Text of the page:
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Health Promotion International Advance Access





Published: Wed, 14 Feb 2018 00:00:00 GMT

Last Build Date: Wed, 14 Feb 2018 07:44:33 GMT

 



Reported theory use in walking interventions: a literature review and research agenda

Wed, 14 Feb 2018 00:00:00 GMT

Abstract
There is mixed evidence with some suggesting walking can be increased up to the recommended level through interventions based on behaviour change models and others showing partial or no effects [Arbour and Ginis (A randomised controlled trial of the effects of implementation intentions on women’s walking behaviour. Psychol Health, 2009;24:49–65); Merom et al. (Can a motivational intervention overcome an unsupportive environment for walking–findings from the Step-by-Step Study. Ann Behav Med 2009;38:137–46); Ornes and Ransdell (A pilot study examining exercise self-efficacy as a mediator for walking behavior in college-age women. Perceptual Motor Skills, 2010;1101098–104)]. Taken together, prior studies suggest that ongoing research attention is warranted. Walking behaviour change intervention studies were searched using key search words ‘walking promotion’ and ‘pedometer’ in the PubMed database. Initially, 87 articles were found and 25 walking behaviour change interventions were reviewed to focus attention on reported theory use. Results of the review suggest that interventions that are theoretically underpinned may be no more effective than their counterparts. The Transtheoretical Model (TTM) and Social Cognitive Models were most frequently reported with positive effects noted for TTM use. The review also indicates that using single theory may be better than using multiple theories in a single intervention.



Social movement involvement and healthy diet and activity behaviors among US adults

Mon, 12 Feb 2018 00:00:00 GMT

Abstract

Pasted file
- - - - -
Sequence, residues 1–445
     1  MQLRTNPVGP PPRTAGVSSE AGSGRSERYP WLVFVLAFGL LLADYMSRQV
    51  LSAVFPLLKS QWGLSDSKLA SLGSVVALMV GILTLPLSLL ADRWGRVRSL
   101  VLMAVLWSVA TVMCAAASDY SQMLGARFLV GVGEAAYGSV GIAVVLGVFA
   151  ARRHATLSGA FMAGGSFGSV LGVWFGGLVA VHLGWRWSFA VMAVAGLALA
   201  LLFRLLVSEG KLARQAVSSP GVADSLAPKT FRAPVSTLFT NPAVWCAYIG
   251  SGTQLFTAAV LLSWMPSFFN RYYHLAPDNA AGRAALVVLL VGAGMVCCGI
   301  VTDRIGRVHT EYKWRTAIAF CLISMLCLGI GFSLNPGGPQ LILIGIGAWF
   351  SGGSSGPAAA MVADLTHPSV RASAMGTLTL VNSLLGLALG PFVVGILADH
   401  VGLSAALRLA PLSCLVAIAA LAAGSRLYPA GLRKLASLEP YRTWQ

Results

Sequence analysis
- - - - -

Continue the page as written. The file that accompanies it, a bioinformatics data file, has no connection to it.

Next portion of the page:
Unhealthy lifestyle behaviors, namely poor diet and inadequate physical activity, significantly contribute to poor health and obesity risk, which in turn impact chronic illness outcomes. A possible approach to improving these health behaviors and subsequent outcomes is to capitalize on the theorized link between social movement involvement and overlapping health behaviors. Social movement involvement may be a viable stealth intervention for health, utilizing intrinsic motivators to improve health without an explicit focus on changing health behavior. Thus, the current study explored the links between social movement involvement and diet and physical activity. Two samples from a college population (N = 196) and the general population (N = 195) participated in an online survey, which included measures of social movement involvement, social movement-related health behaviors and dietary intake and physical activity. After controlling for known covariates, social movement-related health behaviors mediated the relationship between level of social movement involvement and fruit and vegetable consumption, whole grain intake and average daily physical activity in both samples. These findings suggest that health behaviors associated with social movement involvement may be an important mechanism in promoting health among social movement members and that the model holds across adult populations. This research adds to existing literature on stealth interventions as a viable means of improving important behavioral health components linked with obesity and chronic disease and supports social movement involvement as a potential form of stealth intervention.